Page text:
Waiting in line to pay at checkout with cash or a card for a product that you don’t know if it’s the latest, best, and greatest? These are not good conditions for a modern customer experience. Unfortunately, customer-unfriendly experiences in stationary retail are still a reality. No wonder that consumers prefer to use the simple and fast version of e-commerce in many areas. There is no queue, no cash. Product suggestions are personalised and although the service is usually not personal, at least a chatbot has mastered manners. It’s about time that the offline retail to pull itself together and focus on its former core competence: Service!
Design and Usability
User friendliness has high priority in e-commerce. This is how an online shop’s internal search function or exit intent pop-ups can are able to raise the conversion rate. Clarity is one of the givens for successful online trade and should be integrated into the shop right from the start. But design and usability also means using target-group specific elements: infinite scroll, for instance, is better used in an online shop which is supposed to appeal to women. In contrast, comprehensive filters and an optimised search function appeals more to men.
Some work best under the pressure of time. Especially when it comes to e-commerce projects, we all know how important it is to keep up with the times when it comes to demands and trends, as well as literally being on time. Both levels can only be justified if internal and external conditions are right. In other words: Both processes and employee responsibilities in the company, as well as the system and technology framework must be well thought out or compatible. What this theory looks like in practice is shown in record time by the project we implemented together with our client Netto eStores.
It’s the motto of business this year: The most traditional German companies have joined forces. We are talking about Allianz, Deutsche Bank, Hamburg’s major publisher Gruner + Jahr, and others. They are not merging, but they are currently piling up log-in platforms. The goal is clear: It’s all about snatching away or at least digging up the valuable user data from big overseas competitors — Facebook, Google, and Twitter. In theory, a good idea, the practice is unfortunately too small, as you will see. It’s time to think bigger so that we Europeans will not miss digital advances in line with data security.
German companies are fit for the digital transformation from the inside out. Not just external macro data such as the status quo of the online retail has proven this. Working methods and internal organisation are adapting to the pace of the digital world. Agile methods are no longer empty promises. On the contrary: Every other major company already relies on agile project management, as a from Bitkom Research makes clear (German only).
The past few months have brought new developments from Facebook and others. Younger platforms and other large companies have been trying to gain their share of the marketplace as well. Even though these products from these companies are new, they take into account what went well for others, and what’s flopped.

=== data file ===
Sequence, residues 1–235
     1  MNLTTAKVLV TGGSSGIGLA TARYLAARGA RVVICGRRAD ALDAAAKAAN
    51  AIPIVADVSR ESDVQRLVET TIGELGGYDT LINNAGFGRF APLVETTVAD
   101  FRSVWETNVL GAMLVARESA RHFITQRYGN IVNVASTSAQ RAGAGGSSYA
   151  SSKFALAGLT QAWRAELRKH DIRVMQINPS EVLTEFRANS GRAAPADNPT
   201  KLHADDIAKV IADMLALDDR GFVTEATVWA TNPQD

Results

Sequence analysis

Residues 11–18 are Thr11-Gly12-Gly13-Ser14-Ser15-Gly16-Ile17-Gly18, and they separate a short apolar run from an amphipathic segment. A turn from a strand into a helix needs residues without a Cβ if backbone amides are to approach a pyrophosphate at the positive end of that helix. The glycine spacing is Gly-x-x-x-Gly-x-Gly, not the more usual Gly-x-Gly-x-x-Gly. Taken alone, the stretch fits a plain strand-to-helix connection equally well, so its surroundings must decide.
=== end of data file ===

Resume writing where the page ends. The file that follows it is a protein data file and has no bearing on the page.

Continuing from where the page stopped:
Software development without agile methods is like jogging without a fitness tracker: old-fashioned. It’s no different in app development. But it’s not the companies that are able to react quickly to market changes thanks to agile actions, but users who influence the app while it is being developed. Through early user feedback, developers can customise the app to taste, so that the target audience is as satisfied as possible.
Six or seven years ago, it was above all the older generations who were astonished by people staring at small electronic devices in subways, streets, and cafés. What are they doing? And why aren’t they reading newspapers or books? Just moving their thumbs over a screen almost to a rhythm.
The smartphone is probably one of the most important inventions of the 21st century for consumers… and unsurprisingly, Google is one of the drivers of this pocket-sized revolution. So, in the fifth article in the 20 years of Google series, we’ll explore the question of how a search engine company could develop software called Android, which millions of people use every day.
Augmented reality can do more than hide a Pokémon. It enables users to see exciting things that don’t actually exist. A computer-aided expansion of reality will affect our daily lives more and more (and!) make them even easier. Already one or two pioneering companies are relying on AR and are developing exciting products for everyday use cases.
Football and digitisation: For most, this means a controversial video referee from Cologne or goalkeeping technology. But a digital transformation is taking place in many areas, on the turf and next to the field. Since 2014, the world’s most popular sports club and the largest European software manufacturer have formed the perfect team from storefronts into the roof of the net. Together with SAP, FC Bayern Munich is trying to digitise every corner of their club and to take advantage of big data.
Last week, the e-commerce giant OTTO rolled out a new feature that aims to further improve the usefulness of product reviews. The focus is on strengthening the customer experience, making the purchase decision process easier and more seamless and ultimately increasing customer satisfaction. The customer is at the centre of this and further developments because, as we know, a customer-centric approach is a must to stay competitive in times of digitalisation.
This is only one example of how companies are adapting to the new demands of the digital shopper. But what other strategies and aspects should retailers take into account in order not to lag behind and disconnect from their customers?